Emergencies and First Aid

Facing an emergency

Emergency situations can generate a great deal of stress and no one can predict how someone will react. There are no good or bad reactions... as long as you react!

Important steps to follow in case of an emergency
  • Stay calm; your child will seek comfort in your reaction. If you panic, your little will do the same and the situation will worsen.
  • Wash your hands before dealing with an injury to reduce the risk of infections.
  • When you must come into contact with blood, wear sterilized latex gloves to avoid the risk of transmitting infectious diseases.

Before intervening in any emergency or accident, always assess the situation. This way, you will quickly get an idea of the severity of the circumstances and evaluate the measures that need to be taken.

Here is what you need to check
  • Look inside your child’s mouth to check if something is blocking his breathing passages. If it is the case, very delicately remove the object. Remember not to make any abrupt movement, for this may only make the object slide deeper into the airway. If you suspect that your little one’s airway is obstructed, see the section on suffocating.
  • Verify if your child is breathing by observing if his chest is rising and falling. If your child is not breathing, but if you do feel a pulse, start artificial respiration. Since 2006, it is no longer recommended to take the pulse before initiating reanimation. If your child is not breathing, give two full breaths of air and begin the cardiac massage.
  • Once these verifications have been made, try taking control of the bleeding, the trauma or fractures. Take the necessary measures until the medical staff arrives.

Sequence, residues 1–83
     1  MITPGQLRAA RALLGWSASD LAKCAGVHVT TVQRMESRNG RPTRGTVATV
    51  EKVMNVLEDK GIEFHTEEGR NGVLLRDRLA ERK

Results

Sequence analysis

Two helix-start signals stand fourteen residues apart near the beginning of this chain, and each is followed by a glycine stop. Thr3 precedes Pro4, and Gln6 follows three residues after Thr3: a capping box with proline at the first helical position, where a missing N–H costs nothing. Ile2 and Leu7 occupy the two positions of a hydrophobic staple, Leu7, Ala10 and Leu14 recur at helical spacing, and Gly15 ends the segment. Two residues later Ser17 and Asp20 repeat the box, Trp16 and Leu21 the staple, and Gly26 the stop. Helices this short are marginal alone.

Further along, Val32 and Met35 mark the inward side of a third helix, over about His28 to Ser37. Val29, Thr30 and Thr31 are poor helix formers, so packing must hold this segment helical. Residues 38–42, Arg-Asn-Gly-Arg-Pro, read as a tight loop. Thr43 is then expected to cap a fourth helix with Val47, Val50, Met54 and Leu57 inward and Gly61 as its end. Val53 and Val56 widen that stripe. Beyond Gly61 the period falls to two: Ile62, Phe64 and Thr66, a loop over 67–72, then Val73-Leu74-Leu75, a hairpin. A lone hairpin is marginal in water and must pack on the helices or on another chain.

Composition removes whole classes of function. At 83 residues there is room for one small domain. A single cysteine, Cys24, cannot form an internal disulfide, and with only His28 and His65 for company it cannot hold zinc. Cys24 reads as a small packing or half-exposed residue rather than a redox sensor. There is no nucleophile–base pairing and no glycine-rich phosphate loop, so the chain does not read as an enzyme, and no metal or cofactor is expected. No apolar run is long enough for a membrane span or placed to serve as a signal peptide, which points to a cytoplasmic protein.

• Remember to check if your child has injured his head, neck or back. Take a look at your environment and to see if a fallen chair, a ladder or maybe a stairway could have contributed to the injury.
  • NEVER MOVE a child that might have an injury to his back or neck for this may only worsen the injury.
  • When a child is severely injured, has stopped breathing or does not have a pulse, you have to check for any other sign of trauma. If this is the case, make sure you care for the other injuries.
  • Call 911 in any case of emergency.
When should you call 911?

You might sometimes hesitate to call the emergency service. Is the situation really that critical? Am I exaggerating? Am I being hysterical? Trust yourself and most importantly, trust your instinct. In an emergency situation, it is always better to call and be reassured than holding back and having to deal with a more severe problem. If you are asking yourself if this is an emergency, chances are it is one.

Here are some situations requiring you to immediately call the emergency service:

  • Unconsciousness or alteration in state of consciousness
  • Respiratory difficulties (trouble breathing or absence of breathing)
  • Absent pulse
  • Severe bleeding
  • Vomiting or ruining blood
  • Poisoning
  • Convulsions, severe headaches or trouble speaking
  • Head, neck or back injuries
  • Possibility of a fracture
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